One can also argue that 60 individuals are a small number of subjects for an instrument validation; however, this number was utilized based on the WHO guidelines [11]. Additionally, articles regarding validation with smaller numbers than those are common in the literature [18][24]. The fact that no statistical difference was found between CHA and DS when utilizing the COHI, corroborates to the fact that 60 individual were enough to validate this instrument. As this study was not an epidemiological one, the effort was to guarantee individuals that would simulate all range of problems evaluated in the new instrument, and not individuals that would represent their community. Nevertheless, it is believed by the authors that the individuals examined also represent the dental findings of their community. As a result of this effort, it can be found DMF-T ranging between 0 and 32, with a range of 0–28 for carious lesions, 0–32 for extracted teeth and 0–13 for restored ones. Additionally, 10% of the individuals presented some type of soft tissue lesion, 42,6% tartar, 19,7% gingival inflammation, and 90,2% dental cavities. These characteristics guarantee that the DS and CHA were exposed to a diverse set of realities.

Clinical examination was performed by dentists and CHA on the same day and time (with a difference of minutes) and under the same conditions (e.g., light, instrumental, chair, position of the subject). This avoids the possible circumstantial differences between the examinations, such as different levels of oral hygiene and luminosity, and validates the findings of the research. The training and calibration of the dentists and CHA occurred separately, thus the different categories were submitted to these activities at different times. The choice of this division was to ensure that professionals feel less intimidated by the presence of another professional class, and might feel freer to ask their peers, as well as their training and calibration supervisors, questions, thus enabling better participation and enjoyment of them.

The advantage of this index compared to other previously validated in the literature and used in scientific research, is the use of other professionals, rather than dentists, for its implementation. In the Brazilian National Health System (SUS), the CHA is the professional responsible for the link between the community and the Health Care Unit, where traditionally the other health professionals are present, among them, the dentist. Thus, the use of CHA for the utilization of a simplified oral examination, which uses the COHI, is viable and has huge advantages. One can mention as an example the ease of implementation of this examination by the CHA due to its proximity and identification to the population. The economy of resources can also be cited, as the CHA labor is less costly. Additionally, there is greater flexibility and agility in the examinations, because the staff is already working in the area ascribed to the health care unit. All these factors allow greater populational coverage and better action planning. Nevertheless, it is important to know that the COHI can be used by other professionals, including those without graduate level – as the CHA.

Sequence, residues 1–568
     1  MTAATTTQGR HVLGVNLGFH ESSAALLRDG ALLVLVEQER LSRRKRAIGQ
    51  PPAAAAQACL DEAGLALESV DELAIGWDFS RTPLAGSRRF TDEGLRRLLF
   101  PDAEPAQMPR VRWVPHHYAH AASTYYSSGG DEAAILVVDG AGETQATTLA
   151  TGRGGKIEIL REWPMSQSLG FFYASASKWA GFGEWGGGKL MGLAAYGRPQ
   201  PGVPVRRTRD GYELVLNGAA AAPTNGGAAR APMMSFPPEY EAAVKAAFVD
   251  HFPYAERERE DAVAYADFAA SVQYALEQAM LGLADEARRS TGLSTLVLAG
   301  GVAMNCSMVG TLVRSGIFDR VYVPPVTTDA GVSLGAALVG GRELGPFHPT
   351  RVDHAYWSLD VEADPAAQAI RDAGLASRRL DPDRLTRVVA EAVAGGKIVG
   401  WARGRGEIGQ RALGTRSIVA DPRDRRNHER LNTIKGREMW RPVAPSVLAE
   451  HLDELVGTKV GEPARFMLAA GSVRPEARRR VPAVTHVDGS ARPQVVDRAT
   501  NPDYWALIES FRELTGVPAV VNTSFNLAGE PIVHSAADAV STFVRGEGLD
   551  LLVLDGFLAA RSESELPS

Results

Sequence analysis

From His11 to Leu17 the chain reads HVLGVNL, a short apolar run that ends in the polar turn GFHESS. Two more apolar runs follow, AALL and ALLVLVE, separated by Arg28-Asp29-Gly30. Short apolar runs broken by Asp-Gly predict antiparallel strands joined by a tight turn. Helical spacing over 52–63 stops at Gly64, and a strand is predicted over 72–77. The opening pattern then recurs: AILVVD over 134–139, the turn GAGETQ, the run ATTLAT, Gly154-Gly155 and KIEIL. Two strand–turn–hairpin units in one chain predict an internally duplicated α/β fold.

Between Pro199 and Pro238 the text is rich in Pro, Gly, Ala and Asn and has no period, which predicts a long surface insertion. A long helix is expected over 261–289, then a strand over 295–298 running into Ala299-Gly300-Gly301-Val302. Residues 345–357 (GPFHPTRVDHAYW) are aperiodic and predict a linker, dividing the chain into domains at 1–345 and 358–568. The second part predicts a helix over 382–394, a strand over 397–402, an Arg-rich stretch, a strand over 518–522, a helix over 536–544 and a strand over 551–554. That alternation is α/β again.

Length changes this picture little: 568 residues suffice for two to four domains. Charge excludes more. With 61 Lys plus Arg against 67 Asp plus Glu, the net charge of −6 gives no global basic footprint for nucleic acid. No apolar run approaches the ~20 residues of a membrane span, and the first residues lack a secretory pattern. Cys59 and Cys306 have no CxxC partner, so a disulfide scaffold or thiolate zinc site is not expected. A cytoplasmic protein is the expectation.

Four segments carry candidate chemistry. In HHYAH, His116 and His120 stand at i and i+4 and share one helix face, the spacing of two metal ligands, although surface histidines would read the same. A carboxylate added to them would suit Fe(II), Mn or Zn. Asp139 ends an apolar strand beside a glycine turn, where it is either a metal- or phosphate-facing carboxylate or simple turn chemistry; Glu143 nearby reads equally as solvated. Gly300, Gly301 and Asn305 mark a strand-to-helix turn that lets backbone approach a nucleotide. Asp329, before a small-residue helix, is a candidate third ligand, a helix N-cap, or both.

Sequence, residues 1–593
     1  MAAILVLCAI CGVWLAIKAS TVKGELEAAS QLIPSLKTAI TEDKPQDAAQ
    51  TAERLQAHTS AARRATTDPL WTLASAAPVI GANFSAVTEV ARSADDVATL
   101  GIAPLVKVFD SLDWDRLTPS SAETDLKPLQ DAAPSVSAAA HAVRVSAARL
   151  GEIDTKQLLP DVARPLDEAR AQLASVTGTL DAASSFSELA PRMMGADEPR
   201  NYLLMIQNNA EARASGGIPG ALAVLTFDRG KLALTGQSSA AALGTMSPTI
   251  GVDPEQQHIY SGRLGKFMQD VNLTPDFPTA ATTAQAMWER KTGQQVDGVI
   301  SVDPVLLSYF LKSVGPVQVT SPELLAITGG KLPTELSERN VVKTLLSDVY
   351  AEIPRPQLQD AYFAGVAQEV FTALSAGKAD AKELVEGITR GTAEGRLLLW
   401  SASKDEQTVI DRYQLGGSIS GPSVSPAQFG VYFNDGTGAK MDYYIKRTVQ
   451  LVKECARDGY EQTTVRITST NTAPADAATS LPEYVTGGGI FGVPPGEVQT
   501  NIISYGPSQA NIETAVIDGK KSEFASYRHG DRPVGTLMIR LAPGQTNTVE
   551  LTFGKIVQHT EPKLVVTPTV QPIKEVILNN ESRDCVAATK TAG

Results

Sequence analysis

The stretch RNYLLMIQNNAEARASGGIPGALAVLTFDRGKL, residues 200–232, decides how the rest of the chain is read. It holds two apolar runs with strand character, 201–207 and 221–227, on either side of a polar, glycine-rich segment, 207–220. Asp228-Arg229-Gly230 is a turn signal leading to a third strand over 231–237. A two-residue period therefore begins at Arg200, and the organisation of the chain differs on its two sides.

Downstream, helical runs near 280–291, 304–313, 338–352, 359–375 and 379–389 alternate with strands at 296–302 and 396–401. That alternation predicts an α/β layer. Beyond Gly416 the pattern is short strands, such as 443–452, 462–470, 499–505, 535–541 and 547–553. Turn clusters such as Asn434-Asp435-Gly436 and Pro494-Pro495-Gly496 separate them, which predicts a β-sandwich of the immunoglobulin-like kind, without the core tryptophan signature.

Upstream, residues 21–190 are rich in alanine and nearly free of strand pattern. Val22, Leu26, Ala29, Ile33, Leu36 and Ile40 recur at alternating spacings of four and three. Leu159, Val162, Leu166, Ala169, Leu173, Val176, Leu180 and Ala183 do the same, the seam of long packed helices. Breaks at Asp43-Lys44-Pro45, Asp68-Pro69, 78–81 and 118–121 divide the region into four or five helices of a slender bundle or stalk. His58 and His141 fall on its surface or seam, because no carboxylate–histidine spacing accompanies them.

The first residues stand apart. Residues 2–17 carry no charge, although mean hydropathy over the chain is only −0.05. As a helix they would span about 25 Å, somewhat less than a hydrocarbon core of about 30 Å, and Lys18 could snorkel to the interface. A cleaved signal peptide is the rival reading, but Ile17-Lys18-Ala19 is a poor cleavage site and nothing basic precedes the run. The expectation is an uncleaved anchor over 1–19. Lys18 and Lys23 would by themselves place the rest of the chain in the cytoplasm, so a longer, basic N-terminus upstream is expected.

Another advantage of the COHI over other oral health indexes is the fact that this is not limited to the evaluation of oral cavity hard tissues, as the DMFT. The COHI assess the need for prostheses and soft tissues injuries and disorders, which is essential for early detection and prevention of oral cancer.

The use of the COHI by other professionals instead of a dentist, provides more time, and enables the dentist to perform actions that only he/she can do (e.g., curative care), or that are better developed in the presence of a dentist (e.g., planning of preventive and community based actions in the oral health field). Additionally, the use of COHI contributes to the dental knowledge demystification, given to the co-responsibility between the health team members on health production and promotion. This new form of production contributes to the development of professional practice based on respect for the User identity, knowledge of the family context and work activities, allowing time to listen to the complaint and the care, utilizing the appropriate steps, creating supports for comprehensive health care and the needs of different population groups.

The COHI aims to assess population and individuals’ current oral health status, and, with this information, to be able to organize and prioritize care. As mentioned before, this index checks the masticatory capacity by counting the number of teeth, the need for curative treatment by counting the visible teeth with cavities and residual root, the presence of soft tissues injuries, and the use and need of dental prosthesis. Additionally, it possesses a list of clinical signs related to periodontal and dental cavities problems, as well as soft tissue injuries, which allows the prioritization of individuals in more severe need. Therefore, those measures contribute to the purpose of the instrument, and allow the health care team to organize and prioritize care based on population needs.

Despite the importance of this research, one cannot rule out the bias of those who participated in it (the sample was comprised of volunteers - a convenience sample), which may contribute to the achievement of stronger correlations than in the general population, since the volunteers can have different motivations to participate in the research. However, this issue is more important when volunteers need to respond to any questionnaire and/or give subjective information, or even in the case of a homogeneous group of volunteers, which was not what happened in this study. The data collected are objective (e.g., number of teeth and residual roots in the mouth, tooth decay, use and need of prosthesis) and are not influenced by the subjectivity of the volunteers. Additionally, the volunteers had diversity in terms of sex, age and oral health condition, which resulted in the exposure of examiners to different realities.